Unfortunately, the screenplay doesn’t pay the same amount of attention to the hows-and-whys of its hero and his abilities. Apparently hacking someone else’s phone involves watching a progress bar; he can learn how to fight while watching a couple of YouTube videos during the ten seconds he’s walking towards an assailant; and so on. A little more effort would’ve sold the premise more and could’ve removed these niggles (at least have him download a phone-hacking app or something; maybe the YouTube videos could be downloaded into his brain, but his unpracticed muscles struggle to perform the moves). Problem is, the notion of phone fragments getting stuck in your brain and giving you superpowers is pretty silly, so even if you provide better internal consistency, it’s still a struggle to parse that implausibility being mashed up against the ultra-real-world stylings of the rest of the story. Films like Super and Kick-Ass do the “real-life superhero” thing by making their hero a bit inept. Maybe iBoy isn’t shooting for “real-life superhero”, but then why are the threats he faces so serious?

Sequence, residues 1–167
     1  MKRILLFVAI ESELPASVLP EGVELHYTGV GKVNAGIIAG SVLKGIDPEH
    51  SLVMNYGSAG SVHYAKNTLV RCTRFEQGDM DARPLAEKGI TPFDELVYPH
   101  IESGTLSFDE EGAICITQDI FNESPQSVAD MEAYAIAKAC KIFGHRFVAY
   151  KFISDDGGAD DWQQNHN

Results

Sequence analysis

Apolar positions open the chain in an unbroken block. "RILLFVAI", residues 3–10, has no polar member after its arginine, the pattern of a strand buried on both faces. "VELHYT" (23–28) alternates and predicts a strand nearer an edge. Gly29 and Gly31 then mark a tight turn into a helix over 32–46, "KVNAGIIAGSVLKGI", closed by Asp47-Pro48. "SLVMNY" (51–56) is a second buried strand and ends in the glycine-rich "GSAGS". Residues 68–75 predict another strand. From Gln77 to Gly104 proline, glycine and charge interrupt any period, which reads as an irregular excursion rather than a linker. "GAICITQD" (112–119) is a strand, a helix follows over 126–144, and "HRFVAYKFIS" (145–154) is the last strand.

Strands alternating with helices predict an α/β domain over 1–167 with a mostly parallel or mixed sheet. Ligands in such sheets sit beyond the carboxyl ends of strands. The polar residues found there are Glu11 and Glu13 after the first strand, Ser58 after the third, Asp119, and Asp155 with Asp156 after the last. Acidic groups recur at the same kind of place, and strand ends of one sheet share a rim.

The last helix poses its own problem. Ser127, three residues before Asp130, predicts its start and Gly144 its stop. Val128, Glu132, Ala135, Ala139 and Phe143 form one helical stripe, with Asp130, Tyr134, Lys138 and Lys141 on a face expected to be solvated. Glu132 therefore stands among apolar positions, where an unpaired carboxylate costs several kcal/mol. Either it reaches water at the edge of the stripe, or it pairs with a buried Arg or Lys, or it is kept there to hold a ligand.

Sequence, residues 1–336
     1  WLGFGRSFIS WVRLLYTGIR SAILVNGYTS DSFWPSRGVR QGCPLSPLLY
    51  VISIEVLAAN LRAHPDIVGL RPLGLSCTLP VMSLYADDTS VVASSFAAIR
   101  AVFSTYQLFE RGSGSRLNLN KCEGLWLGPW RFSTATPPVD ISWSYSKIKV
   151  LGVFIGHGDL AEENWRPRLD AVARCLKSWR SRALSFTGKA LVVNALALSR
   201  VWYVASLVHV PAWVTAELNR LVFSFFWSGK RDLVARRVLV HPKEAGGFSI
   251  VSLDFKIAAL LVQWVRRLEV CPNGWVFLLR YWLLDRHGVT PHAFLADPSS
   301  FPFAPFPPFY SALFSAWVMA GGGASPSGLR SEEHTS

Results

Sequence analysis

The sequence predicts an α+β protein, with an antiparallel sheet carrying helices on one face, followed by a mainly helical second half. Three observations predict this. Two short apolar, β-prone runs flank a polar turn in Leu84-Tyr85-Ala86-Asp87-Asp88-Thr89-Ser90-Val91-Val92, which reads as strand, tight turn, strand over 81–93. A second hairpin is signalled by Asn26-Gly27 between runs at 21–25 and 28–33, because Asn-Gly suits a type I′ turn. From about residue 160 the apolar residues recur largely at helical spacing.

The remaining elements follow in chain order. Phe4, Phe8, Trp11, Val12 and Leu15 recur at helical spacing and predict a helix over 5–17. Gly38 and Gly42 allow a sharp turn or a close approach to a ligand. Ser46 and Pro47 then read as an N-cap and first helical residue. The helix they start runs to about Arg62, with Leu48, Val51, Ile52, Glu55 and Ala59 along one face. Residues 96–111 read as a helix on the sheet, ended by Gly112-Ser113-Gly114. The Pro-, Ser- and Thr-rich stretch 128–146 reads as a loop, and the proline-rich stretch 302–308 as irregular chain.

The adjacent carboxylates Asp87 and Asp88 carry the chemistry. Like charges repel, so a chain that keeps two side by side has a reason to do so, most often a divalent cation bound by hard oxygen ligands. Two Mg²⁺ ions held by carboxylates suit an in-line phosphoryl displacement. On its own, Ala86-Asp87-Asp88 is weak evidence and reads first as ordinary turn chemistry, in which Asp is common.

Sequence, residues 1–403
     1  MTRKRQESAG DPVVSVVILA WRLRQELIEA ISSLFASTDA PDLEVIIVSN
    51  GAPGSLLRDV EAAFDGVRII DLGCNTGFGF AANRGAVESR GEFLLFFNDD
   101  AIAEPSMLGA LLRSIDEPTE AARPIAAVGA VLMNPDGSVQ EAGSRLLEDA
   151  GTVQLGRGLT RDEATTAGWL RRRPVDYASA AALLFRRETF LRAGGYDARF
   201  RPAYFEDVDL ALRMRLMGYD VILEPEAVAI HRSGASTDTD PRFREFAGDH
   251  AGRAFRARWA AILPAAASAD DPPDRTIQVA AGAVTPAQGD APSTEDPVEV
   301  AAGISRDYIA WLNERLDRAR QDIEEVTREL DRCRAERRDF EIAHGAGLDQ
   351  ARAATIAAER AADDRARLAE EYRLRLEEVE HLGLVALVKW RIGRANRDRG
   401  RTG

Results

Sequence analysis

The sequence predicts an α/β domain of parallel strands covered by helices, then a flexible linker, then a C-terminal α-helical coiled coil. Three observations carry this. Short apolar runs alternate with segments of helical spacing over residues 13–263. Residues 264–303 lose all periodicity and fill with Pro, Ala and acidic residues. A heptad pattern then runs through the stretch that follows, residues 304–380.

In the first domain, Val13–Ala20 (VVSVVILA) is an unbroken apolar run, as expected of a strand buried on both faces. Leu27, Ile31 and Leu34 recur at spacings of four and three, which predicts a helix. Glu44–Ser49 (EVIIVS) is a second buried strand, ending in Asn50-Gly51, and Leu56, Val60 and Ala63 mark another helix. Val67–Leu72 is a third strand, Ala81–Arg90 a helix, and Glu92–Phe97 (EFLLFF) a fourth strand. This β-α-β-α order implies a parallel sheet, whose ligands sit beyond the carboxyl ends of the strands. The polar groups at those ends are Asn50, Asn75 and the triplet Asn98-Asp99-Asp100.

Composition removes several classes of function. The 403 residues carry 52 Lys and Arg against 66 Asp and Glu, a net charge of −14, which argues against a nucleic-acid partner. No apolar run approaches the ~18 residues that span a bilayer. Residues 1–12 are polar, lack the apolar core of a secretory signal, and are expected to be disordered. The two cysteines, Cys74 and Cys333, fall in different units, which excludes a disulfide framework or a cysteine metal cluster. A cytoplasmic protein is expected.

Talking of the threats, Rory Kinnear turns up near the end as the Big Bad, and lifts the film considerably. I suppose there’s not a whole lot of originality in a politely-spoken but actually horrendous villain, but Kinnear sells the part effortlessly. You kind of want to see that character (or at least that performance) turn up in something bigger and better. Elsewhere, Miranda Richardson brings some much-needed lightness as Tom’s grandma, who serves as an Aunt May figure. If nothing else, you can rely on British productions to have quality acting, eh?

British baddies are best

For all this criticism, on the whole I didn’t dislike iBoy while it played out, it just doesn’t stand up to scrutiny. As Netflix’s first genuine original movie from the UK, it’s a shame it can’t demonstrate to the rest of the Netflix-viewing world what British film could be capable of if encouraged, but maybe that would be too big a weight to put on its little shoulders anyhow.

3 out of 5

iBoy is available on Netflix everywhere (I presume).